Saturday Odds & Sods: Save It For Later

Rain, Steam and Speed by JMW Turner.

The weird weather continues in New Orleans. I’ve compared it to a yo-yo or a rollercoaster in the past. This week’s analogy is a pendulum only with fog. Fog is the only constant. January skies are on the gloomy side: gray, overcast, and depressing. If only it were overcast in August when it’s blazing hot. So it goes.

We’re in throes of preparing for Krewe du Vieux.  It’s early this year: February 8th, a mere 3 weeks away. This strikes me as a good time to link to last year’s Bayou Brief piece, Confessions Of A Krewe du Vieux Member.

This week’s theme song was written by Dave Wakeling for the Beat’s 1982 album, Special Beat Service. It, in fact, has a beat and you can dance to it. Uh oh, I’ve morphed into Dick Clark in my dotage. What’s next? A gig hosting a game show?

We have two versions of Save It For Later for your listening pleasure. The original studio version by the English Beat (the Beat to me) and a live version by Pete Townshend.

Before jumping to the break, another song with save in the title:

All that saving made me feel like Mariano Rivera. OMG, a Yankee reference. I’m going to hell but on the way, let’s jump to the break.

Before beginning our second act in earnest, another song called Save Me:

Don’t worry, I don’t have a messiah complex. Neither a savior nor a saver be. I’m not sure what that means but it scans. I like to scan.

The Demagogue’s Daughter: Donald Trump’s right-wing populist stump style has been frequently compared to George Wallace. Unlike Trump, Wallace rose from the white working class. Like Trump, Wallace was a charlatan. In his case, he turned to racist demagoguery as a path to electoral success and power after losing his first attempt to become Governor of Alabama. In 1982, he ran for a final term as Governor as a reformed sinner. It was sincere, not an act. The white supremacist firebrand shtick was the act, but the damage was done.

There’s a brilliant piece by Frye Gaillard at The Bitter Southerner about Wallace’s daughter, Peggy. She’s devoted much of her life to dealing with the divisive legacy of the father she loved but whose demagoguery she deplored.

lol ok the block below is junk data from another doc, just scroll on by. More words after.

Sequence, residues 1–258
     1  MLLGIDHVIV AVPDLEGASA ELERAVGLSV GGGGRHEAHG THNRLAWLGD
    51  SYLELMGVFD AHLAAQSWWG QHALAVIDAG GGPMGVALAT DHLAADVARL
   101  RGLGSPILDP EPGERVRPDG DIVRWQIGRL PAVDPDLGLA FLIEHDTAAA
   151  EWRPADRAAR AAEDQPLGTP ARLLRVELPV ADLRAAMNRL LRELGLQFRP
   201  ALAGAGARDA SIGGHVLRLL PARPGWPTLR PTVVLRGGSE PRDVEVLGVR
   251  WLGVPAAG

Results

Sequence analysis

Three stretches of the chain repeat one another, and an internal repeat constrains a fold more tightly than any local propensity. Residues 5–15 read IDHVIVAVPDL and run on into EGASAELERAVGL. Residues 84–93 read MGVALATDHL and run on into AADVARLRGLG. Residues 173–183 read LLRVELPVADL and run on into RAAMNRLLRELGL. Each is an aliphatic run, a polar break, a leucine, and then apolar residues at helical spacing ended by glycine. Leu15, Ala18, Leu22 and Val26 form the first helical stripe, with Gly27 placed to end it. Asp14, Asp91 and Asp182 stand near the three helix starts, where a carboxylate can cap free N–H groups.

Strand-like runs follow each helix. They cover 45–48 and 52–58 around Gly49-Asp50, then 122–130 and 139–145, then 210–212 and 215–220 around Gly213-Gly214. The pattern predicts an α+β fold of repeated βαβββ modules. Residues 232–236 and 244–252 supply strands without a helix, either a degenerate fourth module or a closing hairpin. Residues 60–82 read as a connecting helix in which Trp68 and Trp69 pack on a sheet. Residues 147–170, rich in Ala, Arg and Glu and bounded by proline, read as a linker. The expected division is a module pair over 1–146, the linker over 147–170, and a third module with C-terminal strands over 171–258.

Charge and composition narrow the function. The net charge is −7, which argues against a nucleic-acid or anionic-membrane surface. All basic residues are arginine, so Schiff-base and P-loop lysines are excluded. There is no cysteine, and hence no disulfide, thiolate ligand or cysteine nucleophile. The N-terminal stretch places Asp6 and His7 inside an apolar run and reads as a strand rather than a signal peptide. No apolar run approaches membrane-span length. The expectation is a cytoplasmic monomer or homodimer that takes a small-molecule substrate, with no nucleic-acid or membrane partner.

In her telling, George Wallace was a gifted politician who left a legacy of racism and rage, and knew that he had done it, and desperately, urgently sought to make amends. This is a daughter’s portrait of a man who led three public lives, who fashioned, in a sense, three political careers. Ambition practiced with decency defined two of those – the first and the last. But the one in the middle, the one history remembers, stoked the fires of division and hate. And through it all there was the specter of pain.

Let’s end the segment on a positive note with two songs about Peggy Wallace Kennedy’s home state; one of which cites her father.

Let’s move from the fog of history to the fog of war. I told you I had fog on my mind.

The Best War Movies Ever Made: Rumor has it that I love Vulture’s lists. I’m the one who started that rumor so it must be true. This time around it’s a list of the 50 best war movies ever made. I don’t agree with all of it but as someone who has compiled lists for the Bayou Brief, I respect the effort as well as the end result. Keith Phipps has the details

Lists, huh, yeah. What are they good for? Absolutely nothing. There I go confusing my readers again. I should be repentant but I’m not.

Let’s close out our second act with a medley of War and No More Trouble. I didn’t want to leave you bummed out.

We begin our third act with our favorite stolen feature.

Separated At Birth- Casting Edition: Hollywood likes making movies about presidents. The greatest Democratic president, Franklin Delano Roosevelt, has been a favorite subject:

Btw, Edward Herrmann also played FDR in a fine teevee adaptation of Joseph Lash’s book, Eleanor and Franklin.

It’s time to take a road trip with FDR and Ry Cooder:

Classic Movie List: I never understood why Glenn Ford became a movie star. He was blah and bland. Anytime I see Ford in a movie, I always wish that Bill Holden had been cast instead. He was always good and never blah and bland.

My Top Ten Favorite William Holden Movies:

  1.  Sunset Boulevard
  2.  Bride On the River Kwai
  3.  Network
  4.  Sabrina
  5.  The Wild Bunch
  6.  Stalag 17
  7.  S.O.B.
  8.  Picnic
  9.  Executive Suite
  10.  Born Yesterday

Ronald Reagan was best man at one of Bill Holden’s weddings. As Reagan came to political prominence Holden, an ardent liberal, said something like this: “Ronnie for best man. Ronnie for best friend. Ronnie for president? No way.” If only America had listened to Holden.

Saturday GIF Horse: I can’t let go of LSU’s national championship. Here are Coach O and his Tigers during an earlier contest this year. Looks like they just scored.

I have forgiven them for going to the White House. I’m not gonna let the Impeached Insult Comedian harsh my buzz. As Joe E. Brown said at the end of Some Like It Hot:

Weekly Vintage Music Video: The Beat were obliged to call themselves the English Beat in the US&A because there was a rival, and lesser, band of that same name. I think of them as the only Beat. Here’s another one of their videos.

Let’s close things out with an album by one of the best jazz singers of all. There’s fog involved and it’s on the velvety side.

Saturday Classic: My Kind Of Music is a swell 1961 album by the Velvet Fog, which is one of the greatest nicknames in music history.

That’s it for this week. The last word goes to Gloria Swanson and William Holden in the number one movie on the Holden list, Sunset Boulevard.

One thought on “Saturday Odds & Sods: Save It For Later

Comments are closed.